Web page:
Buying a bike through work

Discussion in 'UK and Europe' started by Akme, Apr 23, 2003.

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  1. Akme

    Akme Guest

    Hi,

    first post, and a bit of an enquiry/help needed if anyone can thanks! I recently got my boss to buy
    me a bike through work to commute, which I paid for out of my gross. Accounts are now trying to get
    me to sign over ownership of the bike to the company! Do I have a leg to stand on? Thanks, Andy
     
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  2. Akme wrote:
    > first post, and a bit of an enquiry/help needed if anyone can thanks! I recently got my boss to
    > buy me a bike through work to commute, which I paid for out of my gross. Accounts are now trying
    > to get me to sign over ownership of the bike to the company! Do I have a leg to stand on?

    Surely at worst if you want to keep the bike just pay back the tax!? I wouldn't sign it over if you
    have paid the majority of it! First time I've heard of a bike being bought this way :)

    --
    StainlessSteelRat "Your request is not unlike your lower intestine: stinky and loaded with danger."
    -- Ace Ventura
     
  3. Anonymous

    Anonymous Guest

    > first post, and a bit of an enquiry/help needed if anyone can thanks! I recently got my boss to
    > buy me a bike through work to commute, which I paid for out of my gross. Accounts are now trying
    > to get me to sign over ownership of the bike to the company! Do I have a leg to stand on?

    You're doing a tax dodge. The employer is allowed to provide a bicycle tax free, provided the
    majority of use is for commuting or business. (cf car, where commuting doesn't count). But it's a
    company bike, same as a company car, ie it belongs to the company, not you.

    Now, you took an informal pay cut to pay for this bike. So it could be said that the bike was in
    fact yours, and the employer wasn't paying for it at all, which means it becomes liable to tax.

    What you do depends on how much you trust the company. The tax advantages of them buying the bike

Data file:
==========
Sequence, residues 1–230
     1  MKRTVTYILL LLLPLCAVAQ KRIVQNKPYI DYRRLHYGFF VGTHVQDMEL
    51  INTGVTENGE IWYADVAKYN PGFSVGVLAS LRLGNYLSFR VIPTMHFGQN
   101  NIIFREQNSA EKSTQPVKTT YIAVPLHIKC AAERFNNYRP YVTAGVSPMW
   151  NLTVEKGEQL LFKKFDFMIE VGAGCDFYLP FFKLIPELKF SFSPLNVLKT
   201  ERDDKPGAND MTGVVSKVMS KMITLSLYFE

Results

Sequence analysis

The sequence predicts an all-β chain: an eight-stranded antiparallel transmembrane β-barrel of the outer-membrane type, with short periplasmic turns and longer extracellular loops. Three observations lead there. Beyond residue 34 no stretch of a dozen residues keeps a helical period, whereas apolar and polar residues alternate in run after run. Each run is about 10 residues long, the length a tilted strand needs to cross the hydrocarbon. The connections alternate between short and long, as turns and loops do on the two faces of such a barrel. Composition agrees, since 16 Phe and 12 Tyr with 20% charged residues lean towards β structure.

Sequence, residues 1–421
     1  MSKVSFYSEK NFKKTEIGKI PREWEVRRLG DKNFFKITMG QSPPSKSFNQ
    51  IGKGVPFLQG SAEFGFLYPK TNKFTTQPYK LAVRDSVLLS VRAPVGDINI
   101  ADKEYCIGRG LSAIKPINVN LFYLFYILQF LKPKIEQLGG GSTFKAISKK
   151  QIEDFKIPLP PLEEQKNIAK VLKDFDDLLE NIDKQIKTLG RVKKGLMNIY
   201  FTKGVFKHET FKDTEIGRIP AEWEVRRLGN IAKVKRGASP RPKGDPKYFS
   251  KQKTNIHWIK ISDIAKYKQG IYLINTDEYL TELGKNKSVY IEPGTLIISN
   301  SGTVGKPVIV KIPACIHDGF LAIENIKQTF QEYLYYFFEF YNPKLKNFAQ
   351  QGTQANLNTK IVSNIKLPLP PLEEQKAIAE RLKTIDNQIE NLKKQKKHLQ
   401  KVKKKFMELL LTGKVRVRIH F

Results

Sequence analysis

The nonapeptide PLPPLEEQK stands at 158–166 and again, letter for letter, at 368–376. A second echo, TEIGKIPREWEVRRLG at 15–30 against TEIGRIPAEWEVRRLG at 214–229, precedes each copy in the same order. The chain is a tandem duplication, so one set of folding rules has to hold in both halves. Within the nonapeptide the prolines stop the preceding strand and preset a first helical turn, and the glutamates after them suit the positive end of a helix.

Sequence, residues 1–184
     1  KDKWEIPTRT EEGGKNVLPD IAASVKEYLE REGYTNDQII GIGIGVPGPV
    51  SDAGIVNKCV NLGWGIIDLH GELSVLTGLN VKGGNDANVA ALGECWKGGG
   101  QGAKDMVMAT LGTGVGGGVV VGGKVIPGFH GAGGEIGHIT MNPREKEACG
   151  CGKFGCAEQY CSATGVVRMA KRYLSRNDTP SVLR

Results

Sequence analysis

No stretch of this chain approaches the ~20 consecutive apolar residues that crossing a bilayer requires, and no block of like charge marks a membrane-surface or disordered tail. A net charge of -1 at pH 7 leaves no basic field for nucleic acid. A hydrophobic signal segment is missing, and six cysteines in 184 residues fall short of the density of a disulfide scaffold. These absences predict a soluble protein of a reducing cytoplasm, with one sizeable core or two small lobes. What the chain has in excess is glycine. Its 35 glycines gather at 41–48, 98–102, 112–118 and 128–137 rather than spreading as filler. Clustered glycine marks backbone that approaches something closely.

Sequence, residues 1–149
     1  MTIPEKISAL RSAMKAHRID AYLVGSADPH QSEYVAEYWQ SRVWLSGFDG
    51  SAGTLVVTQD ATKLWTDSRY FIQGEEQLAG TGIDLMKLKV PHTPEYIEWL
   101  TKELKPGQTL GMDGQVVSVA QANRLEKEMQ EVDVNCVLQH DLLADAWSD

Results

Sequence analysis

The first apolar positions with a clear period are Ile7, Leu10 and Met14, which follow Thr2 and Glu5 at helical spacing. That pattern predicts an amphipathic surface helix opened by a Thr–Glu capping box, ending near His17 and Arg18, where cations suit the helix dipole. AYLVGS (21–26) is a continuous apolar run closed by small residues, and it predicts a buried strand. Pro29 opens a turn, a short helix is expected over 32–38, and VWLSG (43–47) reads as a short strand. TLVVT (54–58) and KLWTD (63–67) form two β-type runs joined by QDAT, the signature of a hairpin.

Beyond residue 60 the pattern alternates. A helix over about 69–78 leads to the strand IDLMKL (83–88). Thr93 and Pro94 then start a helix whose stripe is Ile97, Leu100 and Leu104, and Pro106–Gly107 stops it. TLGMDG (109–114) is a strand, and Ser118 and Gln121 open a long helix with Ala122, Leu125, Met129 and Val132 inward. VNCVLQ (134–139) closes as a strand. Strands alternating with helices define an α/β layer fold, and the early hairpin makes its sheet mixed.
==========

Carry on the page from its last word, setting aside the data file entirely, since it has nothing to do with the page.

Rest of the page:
are significant (did your employer also take note of the VAT and employer's NI when calculating how
    much to shrink your salary? This could take the cost of an 800 GBP bike down to 400 or so to you),
    so if you can trust them that's cheapest. If you can't, then you'll have to pay the tax.

    You may wish to have some sort of written agreement that the bike is for your use only. I think you
    may be able to do this without losing the tax advantages.

    Things get worse if you come to leave the company. In this case making the bike disappear is
    probably your best bet. Provided the employer doesn't actually want the bike (likely), then they
    won't chase it and it will be ok.

    Disclaimer : IANAA or AL. (But I have considered this tax dodge more than once - unfortunately I
    can't take advantage of it at the moment).

    cheers, clive
     
  4. In message <[email protected]>, Akme
    <[email protected]> writes
    >Hi,
    >
    >first post, and a bit of an enquiry/help needed if anyone can thanks! I recently got my boss to buy
    >me a bike through work to commute, which I paid for out of my gross. Accounts are now trying to get
    >me to sign over ownership of the bike to the company! Do I have a leg to stand on? Thanks, Andy

    Well, if you've paid something for it then at least part of it should be yours. I don't understand
    the bit about paying for it out of your gross income. This looks like an attempt to avoid tax and NI
    and the company might well be nervous of the taxman. You should have paid the full price of the bike
    (inc. VAT) out of your net income and received a sales invoice.
    --
    Michael MacClancy
     
  5. In message <[email protected]>, Clive George

    >Now, you took an informal pay cut to pay for this bike. So it could be said that the bike was in
    >fact yours, and the employer wasn't paying for it at all, which means it becomes liable to tax.

    This is directed to the OP. Does the pay cut come to an end when the bike is paid for? In which case
    I would argue that you have been paying for the bike and that it belongs to you, apart from the
    unpaid income tax and NI. On the other hand, if the pay cut is permanent then it looks more like an
    agreed trade-off between salary and bike (just like a rep might trade salary against a better car)
    and the bike should belong to the company. As Clive says, whichever is the case, you should have a
    written agreement and it is for you to decide which is the better deal for you. But you can't own
    the bike and not pay the tax!
    --
    Michael MacClancy
     
  6. Anonymous

    Anonymous Guest

    "Michael MacClancy" <[email protected]> wrote in message
    news:[email protected]...
    > In message <[email protected]>, Clive George

    > >Now, you took an informal pay cut to pay for this bike. So it could be said that the bike was in
    > >fact yours, and the employer wasn't paying for it at all, which means it becomes liable to tax.
    >
    > This is directed to the OP. Does the pay cut come to an end when the bike is paid for? In which
    > case I would argue that you have been paying for the bike and that it belongs to you, apart from
    > the unpaid income tax and NI. On the other hand, if the pay cut is permanent then it looks more
    > like an agreed trade-off between salary and bike (just like a rep might trade salary against a